I consi. and damage, whether from der this to be no more than a negligence or criminal indiffer- formal declaration of what was ence. The rule, therefore, the ancient law of the Admi. seems to be this :—Whenever ralty.As regards the king's it appears, incidentally, in the ships, they are, in the first in. trial of a question of wrong stance, more immediately uncommitted on the high seas, by der the superintendance of the capture or detention, that such Lords Commissioners of the capture or detention has been Admiralty. The dignity of the made bona fide as prize, a flag, and even of the officers, Court of common law has no puts them in a degree above jurisdiction; they must dismiss the necessity of this vigilant the subject to its proper court, controul. the instant the question of It might be easy to cite


FAITH and Others



cases in which the courts of cisions of the Courts of Admi. common law have disclaimed a

ralty is a great benefit to both jurisdiction over matters of au parties; for, so admirably framanalogous kind. But the rule ed are the rules of that Court is sufficiently prominent in all for accelerating business of this of them.

kind, that a cause can hardly It may be necessary how- last beyond a month. There ever to observe in order to

is another great convenience in mark the distinction, that the the Admiralty suit, that all case of Le Caux v. Eden was parties concerned may join in an action of trespass for false one libel ; whereas if an action imprisonment of the plaintiff's at common law could be supperson. In the capture or

ported, the numberless suits to detention of a ship, the officers which every individual amongst and crew are necessarily impri- the captors would be exposed, soned for a time; and if the in the circumstance of costs principal question, that of seiz. alone, independent of damages, ing the ship, belong exclusively would bring rain upon the parto the Admiralty jurisdiction, ties involved in them. to separate the question of prize All the cases which have or no prize, and that concern- been determined opon this subing the incidental damage, ject have been decided upon would be to divide between the general issue pleaded by two different jurisdictions the the defendant. No special same entire transaction. It is pleading can be necessary, beequally a trespass to take a cause the courts of common man's ship as to take his per- law have not a concurrent juson; but if the original or prin- risdiction, but the Courts of cipal matter be not conusable Admiralty have the sole and at common law, neither are exclusive concurrence. If the the consequences. i Lev. 243, capture be, prima facie, a tres2 Lev. 25. Molloy, lib. 1. c.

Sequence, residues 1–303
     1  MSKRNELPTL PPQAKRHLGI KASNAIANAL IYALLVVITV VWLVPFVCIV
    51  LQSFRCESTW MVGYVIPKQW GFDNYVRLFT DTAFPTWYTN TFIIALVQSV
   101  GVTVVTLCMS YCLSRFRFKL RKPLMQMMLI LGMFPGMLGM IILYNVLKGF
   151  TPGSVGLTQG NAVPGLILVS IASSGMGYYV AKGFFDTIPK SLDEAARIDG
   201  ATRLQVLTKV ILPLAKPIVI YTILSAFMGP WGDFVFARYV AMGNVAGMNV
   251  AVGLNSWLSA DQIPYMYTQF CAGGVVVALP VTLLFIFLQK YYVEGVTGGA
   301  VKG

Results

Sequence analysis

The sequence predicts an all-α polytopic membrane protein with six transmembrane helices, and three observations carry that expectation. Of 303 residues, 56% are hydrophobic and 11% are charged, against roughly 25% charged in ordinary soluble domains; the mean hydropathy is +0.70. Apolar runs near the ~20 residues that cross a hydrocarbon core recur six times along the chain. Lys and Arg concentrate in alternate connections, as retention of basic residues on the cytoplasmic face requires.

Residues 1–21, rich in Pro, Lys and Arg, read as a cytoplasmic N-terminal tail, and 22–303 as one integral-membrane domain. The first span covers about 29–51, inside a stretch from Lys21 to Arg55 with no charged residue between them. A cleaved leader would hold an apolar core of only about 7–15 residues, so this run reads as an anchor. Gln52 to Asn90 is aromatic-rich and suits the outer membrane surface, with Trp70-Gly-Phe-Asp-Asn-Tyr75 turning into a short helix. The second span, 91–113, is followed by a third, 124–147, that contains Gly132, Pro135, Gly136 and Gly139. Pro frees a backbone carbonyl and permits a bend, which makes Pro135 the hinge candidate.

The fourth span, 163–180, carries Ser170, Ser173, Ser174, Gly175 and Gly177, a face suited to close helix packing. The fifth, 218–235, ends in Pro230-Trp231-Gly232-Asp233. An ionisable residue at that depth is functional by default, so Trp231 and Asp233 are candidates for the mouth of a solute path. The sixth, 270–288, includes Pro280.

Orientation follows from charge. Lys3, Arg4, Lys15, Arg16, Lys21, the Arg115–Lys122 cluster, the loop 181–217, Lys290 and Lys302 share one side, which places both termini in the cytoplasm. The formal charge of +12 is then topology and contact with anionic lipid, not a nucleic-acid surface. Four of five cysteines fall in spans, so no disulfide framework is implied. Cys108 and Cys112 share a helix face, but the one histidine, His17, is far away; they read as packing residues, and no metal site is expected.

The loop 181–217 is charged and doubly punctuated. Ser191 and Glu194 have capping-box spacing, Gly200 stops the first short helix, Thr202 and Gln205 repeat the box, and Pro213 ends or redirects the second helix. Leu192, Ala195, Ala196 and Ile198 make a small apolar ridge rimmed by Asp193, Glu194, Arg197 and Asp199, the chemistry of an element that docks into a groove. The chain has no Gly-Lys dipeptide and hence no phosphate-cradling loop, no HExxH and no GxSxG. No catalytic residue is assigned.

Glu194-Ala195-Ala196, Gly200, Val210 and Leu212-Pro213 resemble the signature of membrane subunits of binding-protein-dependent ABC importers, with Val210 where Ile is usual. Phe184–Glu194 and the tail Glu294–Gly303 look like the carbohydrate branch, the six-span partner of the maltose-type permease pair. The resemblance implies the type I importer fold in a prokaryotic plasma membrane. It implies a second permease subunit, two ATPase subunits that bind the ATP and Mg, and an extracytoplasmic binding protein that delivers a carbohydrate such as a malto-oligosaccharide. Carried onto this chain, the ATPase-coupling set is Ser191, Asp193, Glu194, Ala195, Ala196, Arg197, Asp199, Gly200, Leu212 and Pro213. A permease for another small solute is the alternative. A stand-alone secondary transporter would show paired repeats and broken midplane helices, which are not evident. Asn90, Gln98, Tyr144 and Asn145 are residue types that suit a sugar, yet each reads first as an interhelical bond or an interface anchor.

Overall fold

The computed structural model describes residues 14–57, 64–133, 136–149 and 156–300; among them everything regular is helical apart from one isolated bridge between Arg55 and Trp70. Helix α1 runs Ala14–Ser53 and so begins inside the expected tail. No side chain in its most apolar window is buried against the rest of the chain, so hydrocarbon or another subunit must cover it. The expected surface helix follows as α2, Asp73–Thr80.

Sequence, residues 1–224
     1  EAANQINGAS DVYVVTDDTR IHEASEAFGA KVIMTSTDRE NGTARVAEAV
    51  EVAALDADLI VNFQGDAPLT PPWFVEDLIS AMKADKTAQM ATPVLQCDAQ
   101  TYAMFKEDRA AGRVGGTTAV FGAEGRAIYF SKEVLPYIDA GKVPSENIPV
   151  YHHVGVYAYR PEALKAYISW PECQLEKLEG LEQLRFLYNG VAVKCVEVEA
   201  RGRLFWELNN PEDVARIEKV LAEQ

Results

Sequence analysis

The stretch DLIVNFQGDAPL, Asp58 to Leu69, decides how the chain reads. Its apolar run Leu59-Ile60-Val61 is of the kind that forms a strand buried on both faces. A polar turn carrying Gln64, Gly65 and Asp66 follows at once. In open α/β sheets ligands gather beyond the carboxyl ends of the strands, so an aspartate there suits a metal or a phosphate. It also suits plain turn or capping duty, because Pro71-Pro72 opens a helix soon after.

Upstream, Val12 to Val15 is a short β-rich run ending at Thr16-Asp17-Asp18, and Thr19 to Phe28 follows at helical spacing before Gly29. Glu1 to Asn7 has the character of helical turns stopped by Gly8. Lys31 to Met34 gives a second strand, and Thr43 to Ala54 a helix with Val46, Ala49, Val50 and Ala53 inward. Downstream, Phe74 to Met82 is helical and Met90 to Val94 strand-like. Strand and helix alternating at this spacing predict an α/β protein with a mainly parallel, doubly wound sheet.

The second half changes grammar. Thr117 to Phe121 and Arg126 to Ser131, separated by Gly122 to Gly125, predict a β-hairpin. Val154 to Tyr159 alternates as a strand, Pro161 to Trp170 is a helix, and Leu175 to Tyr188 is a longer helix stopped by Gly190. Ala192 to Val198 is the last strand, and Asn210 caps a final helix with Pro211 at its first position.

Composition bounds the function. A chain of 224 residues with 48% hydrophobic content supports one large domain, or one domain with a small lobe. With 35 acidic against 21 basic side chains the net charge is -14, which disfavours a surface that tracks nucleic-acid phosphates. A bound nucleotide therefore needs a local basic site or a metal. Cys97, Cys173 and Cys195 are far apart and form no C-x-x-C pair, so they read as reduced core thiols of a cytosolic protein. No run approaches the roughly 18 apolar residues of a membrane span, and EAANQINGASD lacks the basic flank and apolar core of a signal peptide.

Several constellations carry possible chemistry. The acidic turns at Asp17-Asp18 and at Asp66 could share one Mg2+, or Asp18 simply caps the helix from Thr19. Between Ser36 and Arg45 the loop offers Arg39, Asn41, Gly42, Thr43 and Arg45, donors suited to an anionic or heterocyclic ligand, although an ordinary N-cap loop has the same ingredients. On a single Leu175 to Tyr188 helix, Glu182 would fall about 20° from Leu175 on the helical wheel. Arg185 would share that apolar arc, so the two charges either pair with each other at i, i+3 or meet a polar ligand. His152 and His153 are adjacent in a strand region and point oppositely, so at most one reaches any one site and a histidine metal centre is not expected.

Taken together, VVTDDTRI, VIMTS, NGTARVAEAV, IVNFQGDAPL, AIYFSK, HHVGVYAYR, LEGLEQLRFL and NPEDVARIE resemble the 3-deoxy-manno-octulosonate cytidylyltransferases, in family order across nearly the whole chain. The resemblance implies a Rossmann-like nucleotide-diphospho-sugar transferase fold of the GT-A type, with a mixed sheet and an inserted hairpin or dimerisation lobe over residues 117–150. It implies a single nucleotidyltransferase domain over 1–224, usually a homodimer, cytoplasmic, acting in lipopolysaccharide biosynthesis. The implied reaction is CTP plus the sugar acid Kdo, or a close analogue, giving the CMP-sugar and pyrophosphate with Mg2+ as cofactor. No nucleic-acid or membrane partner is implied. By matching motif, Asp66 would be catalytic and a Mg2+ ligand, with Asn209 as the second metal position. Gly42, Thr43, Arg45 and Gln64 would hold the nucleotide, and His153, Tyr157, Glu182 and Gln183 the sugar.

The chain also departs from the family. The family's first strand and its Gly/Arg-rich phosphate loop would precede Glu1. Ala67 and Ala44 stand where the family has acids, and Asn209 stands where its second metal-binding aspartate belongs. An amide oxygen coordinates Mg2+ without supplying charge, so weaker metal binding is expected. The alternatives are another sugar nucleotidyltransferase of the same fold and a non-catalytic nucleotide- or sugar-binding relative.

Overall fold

pass at common law, it would 4. § 32.

be incumbent on the defendant The common law jurisdic- to plead specially that he seized 'tion, however, is not excluded, the ship as prize, and what was without a just consideration of the cause, or ground of seizure. the greater advantages to be the plea of not guilty, thereobtained before that tribunal fore, is the proper and sufficient to which the case is referred. plea; it is in the nature of a

The promptitude of the de. denial of the jurisdiction of the

common law courts, and an an action may be maintained

1815. assertion that the question is at common law. But to this alieni fori. In the great case it may be replied, if the ori- FAITH, of Rous v. Hassard, cited in ginal matter be not conus and Others Le Caur v. Eden, Douglas, able by the common law, the

PEARSON. 581, in which the question was, subsequent matter cannot; the whether an action of trespass whole question must altogewould lie for taking a ship as ther be appropriated to the prize, Lord Chief Justice Lee, jurisdiction of the Admiralty. having called two civilians to " That sentence (says Buller, his assistance, delivered the Justice,

Justice, in his admirable judgjudgment of the Court : that, ment, delivered in Le Caux v. though for taking a ship on the Eden) does not alter the nahigh seas trespass would lie at ture of the original taking. It common law, yet, when it was was still a seizure as prize, taken as prize, though taken which the common law does wrongfully, though it were ac- not take notice of, as a tresquitted, and though there were pass; and the sentence cannot no colour for the taking, the make that a trespass, which judge of the Admiralty was was not so at the time hen judge of the damages and costs, the fact was committed. as well as of the principal mat. “ Upon the whole, (addresster. And his Lordship laid it ing himself to the case of Le down as law, that if such an ac- Caux v. Eden) as the plaintiff tion were brought in England, has had, or may have, a remedy and the defendant pleaded not elsewhere, as there is no case guilty, the plaintiff could not in which it has ever been hold.

en that such an action can be Admitting the question of maintained, and it would be prize or no prize to be of ex- attended with great mischief clusive and peculiar jurisdic. and inconvenience if it could tion in the Courts of Admi- be maintained, and as there are ralty, it has been contended several authorities which say, notwithstanding, that if the the action will not lie, I am of sentence of that Court shall opinion that there must be declare the ship to be no prize, judgment for the defendant."